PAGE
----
Then we would have to revise our c# code to take into account that it had to skip the parameters if available. By adding just a few characters to our regular expression we can have it take into account the optional parameters. If we add the following to our regular expression: ([^:]*) and end up with a regular expression like:

^(?:TEL)([^:]*):(?<TEL>[^\r\n]*)


Then our regular expression still do the job, and we dont have to change the accompanying c# code at all. In contrast to tweak our c# code to handle parameters we would need to find the first index of the : character and then do a substring from that point. Nothing hard, but more error prone.

Speed, well actually in this case where the regular expression is so simple, its much faster than the c# code.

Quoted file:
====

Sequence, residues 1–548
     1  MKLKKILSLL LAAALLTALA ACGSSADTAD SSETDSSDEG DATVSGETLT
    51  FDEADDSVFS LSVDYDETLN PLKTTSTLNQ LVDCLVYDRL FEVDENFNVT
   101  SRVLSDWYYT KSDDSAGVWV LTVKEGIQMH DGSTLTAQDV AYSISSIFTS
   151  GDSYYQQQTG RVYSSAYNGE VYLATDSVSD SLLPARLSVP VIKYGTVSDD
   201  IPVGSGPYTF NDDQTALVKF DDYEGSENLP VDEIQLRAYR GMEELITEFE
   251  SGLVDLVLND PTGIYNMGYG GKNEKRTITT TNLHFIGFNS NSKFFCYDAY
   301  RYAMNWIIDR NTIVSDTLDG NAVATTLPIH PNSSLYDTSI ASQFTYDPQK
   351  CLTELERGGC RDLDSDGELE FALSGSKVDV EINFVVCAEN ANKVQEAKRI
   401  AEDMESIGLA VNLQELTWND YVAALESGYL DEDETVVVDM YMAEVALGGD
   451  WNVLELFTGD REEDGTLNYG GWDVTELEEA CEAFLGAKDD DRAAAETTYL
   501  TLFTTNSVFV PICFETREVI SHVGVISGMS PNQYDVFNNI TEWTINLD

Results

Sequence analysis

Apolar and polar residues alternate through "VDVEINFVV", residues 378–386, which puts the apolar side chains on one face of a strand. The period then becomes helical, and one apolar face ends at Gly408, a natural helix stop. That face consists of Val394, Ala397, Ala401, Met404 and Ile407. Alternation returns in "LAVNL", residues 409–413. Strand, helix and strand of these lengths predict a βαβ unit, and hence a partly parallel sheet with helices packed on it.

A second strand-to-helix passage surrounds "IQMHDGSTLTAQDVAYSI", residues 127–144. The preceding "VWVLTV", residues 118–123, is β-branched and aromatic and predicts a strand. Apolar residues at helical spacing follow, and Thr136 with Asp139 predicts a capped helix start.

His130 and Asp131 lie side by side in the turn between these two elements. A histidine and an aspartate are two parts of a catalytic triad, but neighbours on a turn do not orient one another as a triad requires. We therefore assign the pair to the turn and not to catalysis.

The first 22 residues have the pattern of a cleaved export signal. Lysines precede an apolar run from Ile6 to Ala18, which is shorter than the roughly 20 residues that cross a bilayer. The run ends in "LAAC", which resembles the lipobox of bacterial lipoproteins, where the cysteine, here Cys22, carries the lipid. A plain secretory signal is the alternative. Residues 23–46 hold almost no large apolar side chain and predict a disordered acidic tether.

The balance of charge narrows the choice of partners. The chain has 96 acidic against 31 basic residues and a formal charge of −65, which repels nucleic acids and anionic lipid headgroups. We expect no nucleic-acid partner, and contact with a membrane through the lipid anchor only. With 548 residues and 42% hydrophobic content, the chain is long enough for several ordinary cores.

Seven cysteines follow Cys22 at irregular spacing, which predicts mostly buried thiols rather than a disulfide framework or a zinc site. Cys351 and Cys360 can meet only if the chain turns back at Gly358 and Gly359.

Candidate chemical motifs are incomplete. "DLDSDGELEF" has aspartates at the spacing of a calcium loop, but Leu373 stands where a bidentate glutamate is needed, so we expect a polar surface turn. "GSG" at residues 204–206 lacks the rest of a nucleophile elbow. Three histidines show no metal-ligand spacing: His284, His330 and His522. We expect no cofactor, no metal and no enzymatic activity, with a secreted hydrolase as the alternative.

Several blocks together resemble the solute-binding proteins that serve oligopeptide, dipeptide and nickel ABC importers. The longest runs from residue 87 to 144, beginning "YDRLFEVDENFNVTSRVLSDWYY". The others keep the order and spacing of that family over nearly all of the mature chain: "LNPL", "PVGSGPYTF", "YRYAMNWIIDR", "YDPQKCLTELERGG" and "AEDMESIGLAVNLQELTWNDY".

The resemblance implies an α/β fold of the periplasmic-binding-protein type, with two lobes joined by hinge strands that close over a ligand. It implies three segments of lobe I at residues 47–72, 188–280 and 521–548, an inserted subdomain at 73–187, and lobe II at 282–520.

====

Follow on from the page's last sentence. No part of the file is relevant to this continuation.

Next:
I have again run the same code 1 million times and the results is:

Method Milliseconds
c# code
4125
regular expression
2984,375

So you see this time, the regular expression wins the speed test, and also the extensibility and maintainability test if you ask me :)

The lesson to be learned from this blog post is that regular expressions is your friend, and can help you make code faster in a lot less lines of c# code. In some situations when the regular expressions is very simple they even provide you with a decent performance gain.

When doing string searches, regular expressions can help you immensely, and they are not at all that dangerous or hard to learn as many people think.